Saudi Arabia has announced an overhaul of its private sector as part of its Vision 2030 plan to raise between $9 billion and $11 billion in non-oil revenues by 2030, as it tries to position itself away from a dependence on fossil fuels.
The programme, published in a document by the Saudi Press Agency (SPA), will create 12,000 jobs with over 100 initiatives across ten sectors.
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These will see the privatisation of ports, parts of the Saudi desalinisation plant, power plants, flour mills and even the national football team.
The list also includes privatising services in the transportation sector and turning the King Faisal Specialist Hospital and Research Center into a non-profit organisation.
The bill of economic reforms was approved by the Council of Economic and Development, according to a statement by SPA “to raise the efficiency of the national economy”.
The document said:
The privatisation programme will increase employment opportunities of national workforce, attract the latest technologies and innovations as well as support economic development by involving qualified enterprises in providing these services to increase private sector’s contribution in GDP from 40% to 65% by 2030.
The privatisation programme, which targeted various service sectors; such as energy, water, transportation, telecommunications, petrochemicals and financial sector, is based on three basic pillars; laying the legal/regulatory foundations; laying the institutional foundations; and directing the main program initiatives.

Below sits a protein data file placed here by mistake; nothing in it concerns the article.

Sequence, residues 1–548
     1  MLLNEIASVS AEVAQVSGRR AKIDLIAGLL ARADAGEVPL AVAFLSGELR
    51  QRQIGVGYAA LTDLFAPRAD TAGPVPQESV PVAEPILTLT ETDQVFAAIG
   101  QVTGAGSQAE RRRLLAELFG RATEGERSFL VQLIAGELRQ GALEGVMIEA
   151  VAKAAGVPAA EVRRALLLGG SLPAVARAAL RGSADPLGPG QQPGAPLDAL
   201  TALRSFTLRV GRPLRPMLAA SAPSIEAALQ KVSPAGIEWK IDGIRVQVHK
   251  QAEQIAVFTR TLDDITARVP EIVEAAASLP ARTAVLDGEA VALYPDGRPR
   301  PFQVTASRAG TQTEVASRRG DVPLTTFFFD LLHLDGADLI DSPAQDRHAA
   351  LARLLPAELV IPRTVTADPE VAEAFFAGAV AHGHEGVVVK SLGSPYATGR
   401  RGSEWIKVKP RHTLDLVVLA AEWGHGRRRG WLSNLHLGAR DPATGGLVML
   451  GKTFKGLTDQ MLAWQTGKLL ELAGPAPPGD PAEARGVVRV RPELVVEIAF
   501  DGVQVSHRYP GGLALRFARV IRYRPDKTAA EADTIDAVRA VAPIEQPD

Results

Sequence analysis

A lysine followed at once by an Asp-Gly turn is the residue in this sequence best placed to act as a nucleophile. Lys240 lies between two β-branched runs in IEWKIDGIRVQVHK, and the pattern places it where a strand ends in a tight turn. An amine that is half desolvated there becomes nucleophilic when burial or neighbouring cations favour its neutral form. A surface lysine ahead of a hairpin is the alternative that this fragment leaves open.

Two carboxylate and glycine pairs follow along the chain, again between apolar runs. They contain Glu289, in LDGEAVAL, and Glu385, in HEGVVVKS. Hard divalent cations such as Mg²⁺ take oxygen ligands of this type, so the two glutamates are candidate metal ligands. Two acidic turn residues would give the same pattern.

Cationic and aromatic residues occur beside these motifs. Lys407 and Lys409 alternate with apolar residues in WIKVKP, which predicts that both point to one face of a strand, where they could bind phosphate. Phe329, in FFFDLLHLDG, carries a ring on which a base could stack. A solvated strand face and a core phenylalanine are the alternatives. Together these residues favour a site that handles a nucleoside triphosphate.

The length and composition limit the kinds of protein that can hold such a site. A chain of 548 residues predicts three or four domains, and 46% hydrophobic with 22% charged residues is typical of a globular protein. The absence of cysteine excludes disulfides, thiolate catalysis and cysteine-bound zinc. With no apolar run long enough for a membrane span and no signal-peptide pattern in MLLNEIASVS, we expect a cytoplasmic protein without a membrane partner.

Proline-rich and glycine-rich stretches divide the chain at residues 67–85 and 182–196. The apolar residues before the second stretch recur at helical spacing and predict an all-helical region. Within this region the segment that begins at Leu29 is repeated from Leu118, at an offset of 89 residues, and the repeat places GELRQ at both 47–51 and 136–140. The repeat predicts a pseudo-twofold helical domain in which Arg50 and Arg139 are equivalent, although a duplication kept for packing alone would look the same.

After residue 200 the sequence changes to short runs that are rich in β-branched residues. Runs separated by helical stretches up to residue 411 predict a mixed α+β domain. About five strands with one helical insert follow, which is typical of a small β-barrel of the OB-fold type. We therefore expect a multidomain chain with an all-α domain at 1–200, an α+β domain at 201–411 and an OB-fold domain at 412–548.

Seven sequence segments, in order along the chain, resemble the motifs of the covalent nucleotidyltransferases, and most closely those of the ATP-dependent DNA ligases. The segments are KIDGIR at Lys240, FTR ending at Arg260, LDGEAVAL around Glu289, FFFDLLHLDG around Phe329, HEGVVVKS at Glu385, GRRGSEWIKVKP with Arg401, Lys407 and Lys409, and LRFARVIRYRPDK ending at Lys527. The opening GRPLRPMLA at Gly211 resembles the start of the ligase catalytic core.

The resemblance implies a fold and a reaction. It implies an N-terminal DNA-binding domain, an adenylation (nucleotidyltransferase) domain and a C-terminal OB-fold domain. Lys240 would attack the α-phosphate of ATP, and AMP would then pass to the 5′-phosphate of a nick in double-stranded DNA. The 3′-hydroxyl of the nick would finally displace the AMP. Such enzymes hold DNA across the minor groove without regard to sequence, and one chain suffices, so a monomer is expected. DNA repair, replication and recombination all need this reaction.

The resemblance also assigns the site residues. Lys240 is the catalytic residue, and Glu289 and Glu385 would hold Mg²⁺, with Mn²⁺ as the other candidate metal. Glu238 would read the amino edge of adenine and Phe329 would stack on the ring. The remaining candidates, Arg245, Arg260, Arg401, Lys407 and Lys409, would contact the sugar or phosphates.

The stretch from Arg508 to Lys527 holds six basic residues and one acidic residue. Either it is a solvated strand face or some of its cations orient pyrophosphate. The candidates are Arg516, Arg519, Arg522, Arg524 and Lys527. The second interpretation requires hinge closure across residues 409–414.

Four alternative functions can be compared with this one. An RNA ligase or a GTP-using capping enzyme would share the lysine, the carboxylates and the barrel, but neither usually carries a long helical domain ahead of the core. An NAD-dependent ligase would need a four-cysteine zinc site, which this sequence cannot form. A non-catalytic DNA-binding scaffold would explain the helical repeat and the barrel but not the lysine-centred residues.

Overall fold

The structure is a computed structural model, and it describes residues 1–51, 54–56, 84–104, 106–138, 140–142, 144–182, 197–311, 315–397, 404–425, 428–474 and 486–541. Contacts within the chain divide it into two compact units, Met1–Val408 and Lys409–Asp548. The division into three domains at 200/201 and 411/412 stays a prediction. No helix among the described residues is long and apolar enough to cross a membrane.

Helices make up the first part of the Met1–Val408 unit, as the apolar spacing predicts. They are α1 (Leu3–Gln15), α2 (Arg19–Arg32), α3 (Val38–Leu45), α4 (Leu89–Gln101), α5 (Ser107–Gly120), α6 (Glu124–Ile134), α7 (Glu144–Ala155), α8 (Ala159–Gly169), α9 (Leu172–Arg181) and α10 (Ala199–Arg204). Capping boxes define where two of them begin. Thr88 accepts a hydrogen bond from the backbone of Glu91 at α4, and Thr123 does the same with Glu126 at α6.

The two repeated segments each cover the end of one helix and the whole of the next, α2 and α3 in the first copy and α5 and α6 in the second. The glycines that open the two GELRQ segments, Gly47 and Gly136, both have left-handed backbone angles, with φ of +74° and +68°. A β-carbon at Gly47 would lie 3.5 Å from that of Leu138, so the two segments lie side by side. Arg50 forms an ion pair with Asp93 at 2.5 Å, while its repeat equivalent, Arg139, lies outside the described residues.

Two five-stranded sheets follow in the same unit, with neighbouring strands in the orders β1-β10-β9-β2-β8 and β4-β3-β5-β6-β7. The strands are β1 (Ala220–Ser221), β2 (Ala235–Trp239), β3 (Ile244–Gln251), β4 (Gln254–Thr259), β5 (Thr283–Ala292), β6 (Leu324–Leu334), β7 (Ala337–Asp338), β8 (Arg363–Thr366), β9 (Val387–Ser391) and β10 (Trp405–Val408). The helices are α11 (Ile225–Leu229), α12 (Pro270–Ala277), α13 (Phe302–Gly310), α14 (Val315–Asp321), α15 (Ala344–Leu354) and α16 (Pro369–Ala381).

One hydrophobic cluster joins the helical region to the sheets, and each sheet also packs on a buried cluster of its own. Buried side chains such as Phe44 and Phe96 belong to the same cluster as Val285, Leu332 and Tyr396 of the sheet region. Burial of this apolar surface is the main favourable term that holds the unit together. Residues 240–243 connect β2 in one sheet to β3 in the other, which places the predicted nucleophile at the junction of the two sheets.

Saudi Arabia’s economy minister Mohammed al-Tuwaijri said it was a landmark moment for the national economy:
The privatisation programme aims to strengthen competition, raise the quality of services and economic development, improve the business environment, and remove obstacles that prevent the private sector from playing a bigger role in the kingdom’s development.
Saudi Arabia first unveiled its sweeping privatisation programme in September 2017, looking to raise $200 billion.
The reforms are part of the so-called Vision 2030 economic diversification programme to prepare the country for a “life after oil”.
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As part of the privatisation drive, Saudi Arabia also plans to raise up to $100 billion by listing 5% of the national oil company Saudi Aramco on the local stock exchange Tadawul, as well as another international exchange — which has yet to be decided.
Hong Kong, London, and New York are all top contenders for what will be the world’s largest company initial public offering.